Barghouthi drops election bid
Jailed Palestinian leader Marwan Barghouthi will not run in the Palestinian presidential election, an official said on Friday, following pressure from the ruling Fatah faction to support Mahmoud Abbas.
Cabinet minister and group member Qaddoura Fares, who visited him earlier in prison, said the 45-year-old former lawmaker had called on his followers to endorse Abbas, leader of the Palestine Liberation Organisation, to succeed Arafat.
"In order to maintain the unity of the movement ... (Barghouthi) is calling upon the sons of the movement and his supporters to support the movement's nominee Mahmoud Abbas," Fares told reporters in the West Bank town of Ramallah.
Fatah had sent Fares to try to dissuade Barghouthi from challenging Abbas, the group's presidential nominee and a moderate former Palestinian prime minister.
Barghouthi had said through confidants that he had planned to run in the election in what Palestinian analysts called an expression of dissatisfaction by younger Fatah officials by what they saw as their marginalisation by veteran leaders.
He dropped his bid shortly before Fatah voted to hold its first internal election in 14 years next August, a ballot expected to give younger grassroots activists a larger say in decision-making.
Barghouthi was sentenced in June by an Israeli criminal court to five life terms after it convicted him of involvement in the killings of Israelis. He had said he was a political leader with no involvement in violence.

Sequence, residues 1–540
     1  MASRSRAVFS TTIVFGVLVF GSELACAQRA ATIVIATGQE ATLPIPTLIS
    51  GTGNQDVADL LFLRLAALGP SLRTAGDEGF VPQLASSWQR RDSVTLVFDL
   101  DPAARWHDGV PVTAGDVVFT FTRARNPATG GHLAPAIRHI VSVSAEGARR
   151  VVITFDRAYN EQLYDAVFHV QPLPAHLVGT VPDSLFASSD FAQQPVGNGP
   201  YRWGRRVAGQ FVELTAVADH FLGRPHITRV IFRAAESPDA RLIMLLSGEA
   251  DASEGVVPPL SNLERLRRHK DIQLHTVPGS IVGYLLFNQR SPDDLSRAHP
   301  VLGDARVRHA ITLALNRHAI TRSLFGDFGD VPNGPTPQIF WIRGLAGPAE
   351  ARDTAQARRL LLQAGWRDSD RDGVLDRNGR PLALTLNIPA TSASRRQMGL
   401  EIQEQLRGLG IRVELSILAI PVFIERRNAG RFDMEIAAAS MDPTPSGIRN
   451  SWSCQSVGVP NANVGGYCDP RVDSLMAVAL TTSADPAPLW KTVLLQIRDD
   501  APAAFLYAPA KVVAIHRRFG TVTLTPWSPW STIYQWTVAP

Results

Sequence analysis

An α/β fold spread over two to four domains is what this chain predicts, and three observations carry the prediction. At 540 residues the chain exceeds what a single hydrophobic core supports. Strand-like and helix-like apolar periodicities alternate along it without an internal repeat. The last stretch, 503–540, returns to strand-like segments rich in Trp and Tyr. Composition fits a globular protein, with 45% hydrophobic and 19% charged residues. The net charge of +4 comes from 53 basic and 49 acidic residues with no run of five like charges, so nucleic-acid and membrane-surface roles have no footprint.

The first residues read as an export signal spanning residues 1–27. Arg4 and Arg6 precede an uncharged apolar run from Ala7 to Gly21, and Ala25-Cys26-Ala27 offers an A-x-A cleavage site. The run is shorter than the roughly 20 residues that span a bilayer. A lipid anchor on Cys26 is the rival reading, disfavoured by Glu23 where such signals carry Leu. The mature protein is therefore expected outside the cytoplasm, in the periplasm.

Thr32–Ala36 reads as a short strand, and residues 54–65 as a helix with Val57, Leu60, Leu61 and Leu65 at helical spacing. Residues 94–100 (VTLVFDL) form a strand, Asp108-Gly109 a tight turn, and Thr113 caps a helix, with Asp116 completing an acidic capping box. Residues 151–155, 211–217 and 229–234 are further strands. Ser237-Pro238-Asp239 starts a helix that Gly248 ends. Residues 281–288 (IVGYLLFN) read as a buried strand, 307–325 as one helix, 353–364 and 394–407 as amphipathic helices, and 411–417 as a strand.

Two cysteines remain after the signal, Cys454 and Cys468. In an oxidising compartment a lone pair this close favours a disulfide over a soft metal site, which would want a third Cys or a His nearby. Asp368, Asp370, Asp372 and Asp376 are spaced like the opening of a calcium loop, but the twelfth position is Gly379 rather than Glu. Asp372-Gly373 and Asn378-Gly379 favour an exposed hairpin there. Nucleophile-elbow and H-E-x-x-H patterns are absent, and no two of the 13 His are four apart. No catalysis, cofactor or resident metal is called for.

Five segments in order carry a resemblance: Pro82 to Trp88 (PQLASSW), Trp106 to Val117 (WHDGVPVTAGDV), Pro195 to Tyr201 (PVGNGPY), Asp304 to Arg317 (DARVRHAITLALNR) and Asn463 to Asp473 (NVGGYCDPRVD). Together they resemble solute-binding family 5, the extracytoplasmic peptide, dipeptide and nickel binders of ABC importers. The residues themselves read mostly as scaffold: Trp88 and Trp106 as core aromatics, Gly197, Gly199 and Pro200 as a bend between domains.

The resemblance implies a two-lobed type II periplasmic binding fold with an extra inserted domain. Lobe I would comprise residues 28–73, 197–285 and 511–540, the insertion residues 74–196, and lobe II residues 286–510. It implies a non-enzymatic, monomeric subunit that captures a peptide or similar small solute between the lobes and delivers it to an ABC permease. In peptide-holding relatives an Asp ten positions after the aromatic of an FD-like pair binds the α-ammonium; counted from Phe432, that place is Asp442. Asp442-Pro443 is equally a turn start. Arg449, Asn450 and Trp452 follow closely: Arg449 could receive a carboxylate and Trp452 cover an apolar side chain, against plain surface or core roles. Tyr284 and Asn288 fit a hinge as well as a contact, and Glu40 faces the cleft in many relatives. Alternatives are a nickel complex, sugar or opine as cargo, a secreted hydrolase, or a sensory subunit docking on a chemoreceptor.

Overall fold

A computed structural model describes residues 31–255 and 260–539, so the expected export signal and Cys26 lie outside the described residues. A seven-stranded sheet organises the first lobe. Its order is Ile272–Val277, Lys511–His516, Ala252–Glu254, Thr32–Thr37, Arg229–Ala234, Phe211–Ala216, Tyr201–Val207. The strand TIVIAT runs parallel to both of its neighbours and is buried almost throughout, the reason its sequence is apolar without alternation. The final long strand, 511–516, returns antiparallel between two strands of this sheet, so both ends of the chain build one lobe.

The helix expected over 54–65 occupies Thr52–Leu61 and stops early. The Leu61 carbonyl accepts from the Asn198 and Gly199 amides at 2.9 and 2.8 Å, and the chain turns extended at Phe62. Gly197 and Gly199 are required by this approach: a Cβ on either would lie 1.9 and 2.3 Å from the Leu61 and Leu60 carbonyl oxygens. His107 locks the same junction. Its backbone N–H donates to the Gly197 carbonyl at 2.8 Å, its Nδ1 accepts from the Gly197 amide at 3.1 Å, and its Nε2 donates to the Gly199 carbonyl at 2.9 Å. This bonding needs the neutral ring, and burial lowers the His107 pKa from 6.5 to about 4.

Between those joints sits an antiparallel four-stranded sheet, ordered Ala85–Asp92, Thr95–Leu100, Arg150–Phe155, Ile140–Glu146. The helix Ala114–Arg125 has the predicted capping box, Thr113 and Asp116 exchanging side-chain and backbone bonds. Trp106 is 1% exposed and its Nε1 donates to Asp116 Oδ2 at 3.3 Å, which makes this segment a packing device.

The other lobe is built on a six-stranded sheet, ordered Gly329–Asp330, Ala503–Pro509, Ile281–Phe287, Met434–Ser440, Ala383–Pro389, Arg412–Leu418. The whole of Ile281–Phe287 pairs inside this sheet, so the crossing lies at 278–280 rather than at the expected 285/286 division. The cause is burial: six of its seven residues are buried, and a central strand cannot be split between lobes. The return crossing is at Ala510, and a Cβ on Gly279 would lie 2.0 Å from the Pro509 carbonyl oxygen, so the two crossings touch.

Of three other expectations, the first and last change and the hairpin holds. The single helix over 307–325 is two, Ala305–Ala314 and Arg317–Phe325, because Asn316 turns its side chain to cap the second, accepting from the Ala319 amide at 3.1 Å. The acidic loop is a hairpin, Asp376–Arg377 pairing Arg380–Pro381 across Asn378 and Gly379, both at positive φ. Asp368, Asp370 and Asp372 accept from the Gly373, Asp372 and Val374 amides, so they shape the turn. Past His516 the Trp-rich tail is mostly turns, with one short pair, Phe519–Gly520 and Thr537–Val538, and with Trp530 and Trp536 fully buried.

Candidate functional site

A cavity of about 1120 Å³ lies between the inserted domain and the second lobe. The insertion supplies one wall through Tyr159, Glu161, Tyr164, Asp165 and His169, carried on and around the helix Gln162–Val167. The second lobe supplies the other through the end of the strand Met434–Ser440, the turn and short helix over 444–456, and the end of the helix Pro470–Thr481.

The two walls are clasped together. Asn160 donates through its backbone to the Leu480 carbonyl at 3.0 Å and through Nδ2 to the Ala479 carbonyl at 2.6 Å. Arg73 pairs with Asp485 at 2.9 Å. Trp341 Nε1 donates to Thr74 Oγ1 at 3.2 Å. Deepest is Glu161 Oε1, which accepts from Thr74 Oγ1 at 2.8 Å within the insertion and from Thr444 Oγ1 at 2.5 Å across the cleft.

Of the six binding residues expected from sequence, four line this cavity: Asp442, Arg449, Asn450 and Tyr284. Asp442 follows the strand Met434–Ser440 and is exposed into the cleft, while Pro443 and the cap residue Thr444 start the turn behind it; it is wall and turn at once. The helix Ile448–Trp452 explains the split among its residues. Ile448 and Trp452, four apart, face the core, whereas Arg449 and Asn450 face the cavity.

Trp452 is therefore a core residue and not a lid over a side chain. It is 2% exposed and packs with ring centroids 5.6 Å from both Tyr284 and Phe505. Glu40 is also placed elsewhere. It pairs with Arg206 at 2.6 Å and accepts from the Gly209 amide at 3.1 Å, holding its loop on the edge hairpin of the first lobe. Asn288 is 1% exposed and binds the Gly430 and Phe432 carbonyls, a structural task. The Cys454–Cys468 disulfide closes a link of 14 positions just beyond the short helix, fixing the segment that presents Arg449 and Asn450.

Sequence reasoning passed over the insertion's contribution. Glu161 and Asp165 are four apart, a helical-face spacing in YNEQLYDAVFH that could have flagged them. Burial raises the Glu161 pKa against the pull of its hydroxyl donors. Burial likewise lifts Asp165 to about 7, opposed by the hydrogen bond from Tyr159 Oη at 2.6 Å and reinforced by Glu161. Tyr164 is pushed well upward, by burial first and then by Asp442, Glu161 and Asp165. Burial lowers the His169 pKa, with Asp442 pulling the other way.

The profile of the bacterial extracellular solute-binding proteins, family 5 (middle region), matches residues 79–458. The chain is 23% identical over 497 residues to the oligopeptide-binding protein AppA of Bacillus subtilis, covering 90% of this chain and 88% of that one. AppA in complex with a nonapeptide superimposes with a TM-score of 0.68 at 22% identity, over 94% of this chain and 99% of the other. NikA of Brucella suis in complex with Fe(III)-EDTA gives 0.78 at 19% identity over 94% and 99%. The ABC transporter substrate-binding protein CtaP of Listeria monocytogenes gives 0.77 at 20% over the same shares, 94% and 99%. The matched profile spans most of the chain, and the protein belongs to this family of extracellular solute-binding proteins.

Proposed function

Israel has ruled out an early release for Barghouthi.
Following Fares's announcement, Barghouthi's wife and teenage daughter burst into tears as several Palestinians shouted "This is injustice!"
Abbas, 69, lacks the charismatic Barghouthi's grassroots popularity but he is favoured as a future peacemaker by Israel and the United States. His defeat could deal a blow to any international effort to revive violence-stalled peace efforts.
Fatah's Central Committee nominated Abbas for president earlier this week and the faction's Revolutionary Council approved the decision on Thursday.
Palestinian political analysts had predicted Barghouthi would stand a good chance of winning the ballot, drawing support from mainstream voters as well as from Islamists who oppose Abbas's call to end the uprising.
Fatah's pro-Barghouthi "young guard", a generation raised under Israeli occupation in the West Bank and Gaza, has been demanding a stronger voice in a faction dominated by exiles who returned after interim peace deals with Israel in the 1990s.
He was the main voice of a revolt for an independent Palestinian state after peace negotiations collapsed in 2000 and has long been seen as a potential successor to Arafat.
Passionate and articulate, the bearded and diminutive Barghouthi has also advocated peace with Israel, making his case for an end to occupation in near-perfect Hebrew learned during previous jail stints.